Technology is continuously improving when it comes to capturing job sites in construction, but the human element is still very constant. 360 Cameras have been developing at a rapid pace, but at the end of the day, we’re still placing them on tripods, monopods and hard hats resulting in an essential topic of discussion: human input and limitations.
Diving in let’s break down the Pros and Cons of capturing with a couple of different setups; in particular Hard Hat vs. Monopod.
Ease of Use
Using the hard hat requires the least amount of effort in holding the camera in a consistent position
Frees up a hand
With this mount one of the user’s hands will be completely free to help navigate or hold other items
The level of photos being captured will be consistent and thus provide a streamlined perspective when comparing photos on a timeline
Adjusting the camera means removing the hard hat (Safety)
Checking the Camera
Keeping updated on memory/battery requires removing the hard hat (Safety)
VideoWalk is less reliable due to natural head swiveling when keeping awareness up on the job site. This results in blurry frames and potentially a loss of data
Low hanging items and doorways can be troublesome to navigate with the extra height for some users risking damage to the camera
The monopod allows the user to move the camera as needed for obstacles and navigation
The monopod supports items such as device mounts for phones/tablets, a light for darker conditions and battery packs
Some monopods are as tall as 6 feet at full extension and can be placed with their base on the ground as a sort of assisted tripod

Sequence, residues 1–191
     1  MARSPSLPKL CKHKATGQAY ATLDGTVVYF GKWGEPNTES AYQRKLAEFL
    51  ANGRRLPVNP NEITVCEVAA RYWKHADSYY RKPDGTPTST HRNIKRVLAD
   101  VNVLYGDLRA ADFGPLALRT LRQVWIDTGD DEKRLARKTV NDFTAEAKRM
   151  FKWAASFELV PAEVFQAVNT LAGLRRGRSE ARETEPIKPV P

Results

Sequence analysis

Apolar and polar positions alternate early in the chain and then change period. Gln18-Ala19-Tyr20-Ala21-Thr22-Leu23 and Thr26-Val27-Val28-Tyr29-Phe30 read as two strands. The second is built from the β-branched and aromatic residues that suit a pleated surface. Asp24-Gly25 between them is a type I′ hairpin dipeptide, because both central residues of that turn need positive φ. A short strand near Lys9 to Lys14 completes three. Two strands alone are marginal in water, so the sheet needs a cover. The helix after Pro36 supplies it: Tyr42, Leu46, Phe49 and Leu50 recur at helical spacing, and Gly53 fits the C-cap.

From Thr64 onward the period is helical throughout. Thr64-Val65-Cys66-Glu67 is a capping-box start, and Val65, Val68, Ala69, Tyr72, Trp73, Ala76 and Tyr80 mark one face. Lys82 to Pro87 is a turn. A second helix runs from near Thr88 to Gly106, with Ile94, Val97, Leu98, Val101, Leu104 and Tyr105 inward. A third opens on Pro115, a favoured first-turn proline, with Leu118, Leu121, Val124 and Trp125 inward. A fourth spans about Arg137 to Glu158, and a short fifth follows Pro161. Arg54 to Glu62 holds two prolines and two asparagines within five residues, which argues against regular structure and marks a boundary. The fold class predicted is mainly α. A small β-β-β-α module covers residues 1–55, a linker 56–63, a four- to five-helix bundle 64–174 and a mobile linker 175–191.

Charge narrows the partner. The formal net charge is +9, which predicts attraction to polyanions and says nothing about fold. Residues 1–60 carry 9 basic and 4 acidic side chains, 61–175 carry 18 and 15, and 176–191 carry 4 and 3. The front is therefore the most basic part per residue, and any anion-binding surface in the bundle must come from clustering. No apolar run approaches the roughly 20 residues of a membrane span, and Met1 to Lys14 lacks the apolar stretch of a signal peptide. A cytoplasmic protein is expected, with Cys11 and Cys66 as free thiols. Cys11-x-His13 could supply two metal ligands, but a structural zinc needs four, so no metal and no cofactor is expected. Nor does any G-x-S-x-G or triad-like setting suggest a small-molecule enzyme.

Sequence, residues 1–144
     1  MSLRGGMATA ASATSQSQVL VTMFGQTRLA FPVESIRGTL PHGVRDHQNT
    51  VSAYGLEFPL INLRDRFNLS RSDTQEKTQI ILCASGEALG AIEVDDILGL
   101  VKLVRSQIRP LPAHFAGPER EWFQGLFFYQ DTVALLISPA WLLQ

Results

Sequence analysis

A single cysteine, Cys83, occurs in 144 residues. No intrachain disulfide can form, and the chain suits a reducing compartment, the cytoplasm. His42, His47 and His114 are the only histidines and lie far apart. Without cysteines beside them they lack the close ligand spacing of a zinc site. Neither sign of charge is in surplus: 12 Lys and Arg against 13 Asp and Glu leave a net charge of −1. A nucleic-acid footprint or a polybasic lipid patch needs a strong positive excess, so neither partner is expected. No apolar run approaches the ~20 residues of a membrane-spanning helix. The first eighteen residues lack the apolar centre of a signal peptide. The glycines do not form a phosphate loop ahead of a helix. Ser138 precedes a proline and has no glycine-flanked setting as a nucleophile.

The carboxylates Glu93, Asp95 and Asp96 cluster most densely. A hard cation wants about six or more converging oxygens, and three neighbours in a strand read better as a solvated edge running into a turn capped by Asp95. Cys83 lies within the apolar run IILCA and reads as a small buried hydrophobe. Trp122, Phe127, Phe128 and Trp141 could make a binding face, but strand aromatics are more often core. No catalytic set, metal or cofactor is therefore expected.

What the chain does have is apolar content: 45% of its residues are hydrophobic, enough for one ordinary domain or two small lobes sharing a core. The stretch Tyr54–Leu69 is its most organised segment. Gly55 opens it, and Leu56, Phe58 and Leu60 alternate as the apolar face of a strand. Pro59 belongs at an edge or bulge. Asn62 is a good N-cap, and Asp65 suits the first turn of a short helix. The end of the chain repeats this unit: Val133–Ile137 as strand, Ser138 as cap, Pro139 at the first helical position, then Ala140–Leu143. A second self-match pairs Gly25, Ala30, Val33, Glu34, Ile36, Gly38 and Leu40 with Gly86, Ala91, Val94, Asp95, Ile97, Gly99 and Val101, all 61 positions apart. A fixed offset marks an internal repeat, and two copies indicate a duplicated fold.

Can be shared among different team members to execute capturing sessions with ease
The user can extend the camera pass ceiling framing and capture spaces that a hard hat mount cannot
Captures the User
At least some part of the user who is using the monopod will be captured in the images/video
With a fully accessorized monopod, the weight of the set up will be significantly higher and can require a certain level of endurance for a full day of capturing
Storage, tracking, and making sure all parts are tightly fastened: a fully set up monopod will want to be properly maintained to avoid any issues
Both Hands Occupied
Taking photos with the monopod and operating the mobile app will require coordination with both hands
If a team is currently trying to decide which solution to go with ‘it’s never a wrong decision to have both as an option. Depending on what sort of goal your capture needs are trying to obtain, one might be more suited than the other.
For Example: If the team needs to go capture and document installation of drywall across an entire floor of rooms to show that it was done then a hard hat mount is going to work very well to deliver this data with very little time spent capturing. If the team needs to capture duct work and possibly parts of installation beyond framing in the ceiling, then the monopod is going to offer a quick solution to get the camera into snug spots that a hard hat mount cannot.
All in all, it’s great to have options and find out what works for each scenario when it comes to capturing and documenting the job site.
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